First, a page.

Focusing on sustainability is “hand in glove” with running an effective, profitable business, Alliance Healthcare operations director Matt Addison tells Pharmacy Magazine in an interview at the company’s Exeter service centre
The occasion for the visit was Alliance’s recently announced pledge to make its operations net carbon zero by 2030 – a demanding target but one that Matt Addison is determined to meet.
Addison frequently references the growing NHS emphasis on slashing carbon emissions as an indication of where the medicines wholesale sector needs to be headed and sets out some of the measures the business is adopting to become net zero across scopes 1 and 2 of the organisation (i.e. the carbon emission sources that are most under a company’s control).
These include reducing its use of single-use plastic secondary packaging by 60 per cent by September 2022, investing in reusable totes, replacing its fleet vans with more efficient Euro 6 engines and increasing fuel efficiency through the use of telematics and optimised driving styles.
Work is already well underway, says Addison. Alliance now buys all its electricity from sustainable sources and has increased recycling by 6 per cent since 2019. While environmental management has always formed part of the company’s ethos, "carbon sustainability requires a bigger effort from us than in the past", he says.
The company’s extensive fleet of vans and HGVs accounts for by far the biggest share of its carbon footprint – 70 per cent – and poses the biggest challenge for an environmentally-minded operations director.
Again, efforts have already been made to try and curb fleet emissions. For example, rationalising the complex network of van routes has helped to save three quarters of a million miles each year, and extensive work has been done with drivers to promote a more carbon-efficient driving style.
The short-term plan is to switch the van fleet over to Euro 6 but by the time the next fleet review is due it will be essential to go further, says Addison, who explains that the wholesaler is committed to trialling alternative fuel vehicles by the end of 2022. "If I don’t act now to trial a van, prove it works, prove it stays in temperature by the time of the next investment cycle, I won’t be ready for 2030," he says.
"It is an industry problem but I know I’ve got to be at the front of the industry pack. I’ve got to pull in all my supply chain contacts and think about how we work with manufacturers to find a solution."
Addison says the electric options that are on the market now won’t cut it. The strongest candidate is a Mercedes vehicle offering 90 miles of range, which given the cold storage requirements and payload demands involved would be closer to 70 when actually delivering medicines.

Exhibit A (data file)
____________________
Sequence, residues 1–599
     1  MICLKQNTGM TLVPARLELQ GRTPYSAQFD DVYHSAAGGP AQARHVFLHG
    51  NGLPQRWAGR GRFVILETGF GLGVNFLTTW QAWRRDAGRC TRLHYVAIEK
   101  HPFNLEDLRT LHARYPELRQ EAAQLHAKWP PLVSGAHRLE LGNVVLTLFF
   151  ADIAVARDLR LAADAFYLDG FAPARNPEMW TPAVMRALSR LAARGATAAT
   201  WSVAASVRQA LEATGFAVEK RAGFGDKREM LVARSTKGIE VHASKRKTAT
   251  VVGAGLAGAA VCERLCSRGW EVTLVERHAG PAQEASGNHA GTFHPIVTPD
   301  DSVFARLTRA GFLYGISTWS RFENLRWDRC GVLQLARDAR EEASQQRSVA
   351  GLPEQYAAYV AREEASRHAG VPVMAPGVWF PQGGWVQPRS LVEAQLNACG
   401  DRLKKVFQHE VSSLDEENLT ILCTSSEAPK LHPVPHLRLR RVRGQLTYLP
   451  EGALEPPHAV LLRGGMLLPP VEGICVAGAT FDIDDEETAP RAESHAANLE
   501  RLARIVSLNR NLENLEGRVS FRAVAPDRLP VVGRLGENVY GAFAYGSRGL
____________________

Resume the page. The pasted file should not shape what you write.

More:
There are some shorter routes that this could work for, but not enough to make a sufficient dent in the company’s emissions, he says, adding that its service centres also need to be modernised to facilitate on-site charging.
While he is committed to running Alliance’s 1,000 vans on electric as soon as possible, the likely solution for more sustainable HGVs will be hydrogen fuel.
Getting staff on board with green initiatives is a key priority, says Addison. "It starts on colleague engagement – the way they’re going to work tomorrow will be very different to today. Their working environment will be different, the vehicle they drive will be different, how they come to work and go home – getting to a net carbon neutral world requires a lot of change.
"People joining a company now expect different things in terms of social responsibility and credibility than even five or 10 years ago."
Next on the list is customer service, with Alliance aiming to make at least 96.5 per cent of all deliveries within 30 minutes of the scheduled time. Cost and efficiency, while vitally important, come below these top priorities.
The fact that Alliance, which for many years was owned by Walgreens Boots Alliance, was acquired by AmerisourceBergen earlier this year gives the company more "freedom" to focus on environmental objectives, says Addison.
The wholesaler’s new parent company has lent its full support to the 2030 pledge, he says. "Carbon sustainability is absolutely up there on shareholders' list of priorities, along with driving value for the business. They are not going to allow us to do anything from a sustainability point of view just because it’s the right thing to do; it has to be right and make sense for the business."